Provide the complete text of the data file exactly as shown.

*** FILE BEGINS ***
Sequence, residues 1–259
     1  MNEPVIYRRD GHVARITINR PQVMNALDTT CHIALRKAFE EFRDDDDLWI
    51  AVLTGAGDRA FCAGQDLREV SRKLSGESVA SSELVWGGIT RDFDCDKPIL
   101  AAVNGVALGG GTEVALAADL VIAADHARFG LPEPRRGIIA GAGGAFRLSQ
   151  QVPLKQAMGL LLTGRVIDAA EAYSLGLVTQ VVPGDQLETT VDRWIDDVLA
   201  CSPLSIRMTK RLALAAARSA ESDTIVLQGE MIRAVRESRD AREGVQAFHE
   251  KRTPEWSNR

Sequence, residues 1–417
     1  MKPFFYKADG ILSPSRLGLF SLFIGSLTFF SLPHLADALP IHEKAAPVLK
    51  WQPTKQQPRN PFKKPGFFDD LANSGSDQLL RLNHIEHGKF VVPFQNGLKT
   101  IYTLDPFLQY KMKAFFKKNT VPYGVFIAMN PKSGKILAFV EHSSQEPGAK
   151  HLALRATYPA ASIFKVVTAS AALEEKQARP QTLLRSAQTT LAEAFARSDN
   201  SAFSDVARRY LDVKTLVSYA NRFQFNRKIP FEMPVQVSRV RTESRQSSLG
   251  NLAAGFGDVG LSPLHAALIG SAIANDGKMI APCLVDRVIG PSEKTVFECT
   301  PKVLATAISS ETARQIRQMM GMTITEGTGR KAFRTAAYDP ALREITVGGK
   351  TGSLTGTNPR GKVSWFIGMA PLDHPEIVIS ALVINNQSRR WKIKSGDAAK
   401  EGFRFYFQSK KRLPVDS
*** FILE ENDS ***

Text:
Sequence, residues 1–259
     1  MNEPVIYRRD GHVARITINR PQVMNALDTT CHIALRKAFE EFRDDDDLWI
    51  AVLTGAGDRA FCAGQDLREV SRKLSGESVA SSELVWGGIT RDFDCDKPIL
   101  AAVNGVALGG GTEVALAADL VIAADHARFG LPEPRRGIIA GAGGAFRLSQ
   151  QVPLKQAMGL LLTGRVIDAA EAYSLGLVTQ VVPGDQLETT VDRWIDDVLA
   201  CSPLSIRMTK RLALAAARSA ESDTIVLQGE MIRAVRESRD AREGVQAFHE
   251  KRTPEWSNR

Sequence, residues 1–417
     1  MKPFFYKADG ILSPSRLGLF SLFIGSLTFF SLPHLADALP IHEKAAPVLK
    51  WQPTKQQPRN PFKKPGFFDD LANSGSDQLL RLNHIEHGKF VVPFQNGLKT
   101  IYTLDPFLQY KMKAFFKKNT VPYGVFIAMN PKSGKILAFV EHSSQEPGAK
   151  HLALRATYPA ASIFKVVTAS AALEEKQARP QTLLRSAQTT LAEAFARSDN
   201  SAFSDVARRY LDVKTLVSYA NRFQFNRKIP FEMPVQVSRV RTESRQSSLG
   251  NLAAGFGDVG LSPLHAALIG SAIANDGKMI APCLVDRVIG PSEKTVFECT
   301  PKVLATAISS ETARQIRQMM GMTITEGTGR KAFRTAAYDP ALREITVGGK
   351  TGSLTGTNPR GKVSWFIGMA PLDHPEIVIS ALVINNQSRR WKIKSGDAAK
   401  EGFRFYFQSK KRLPVDS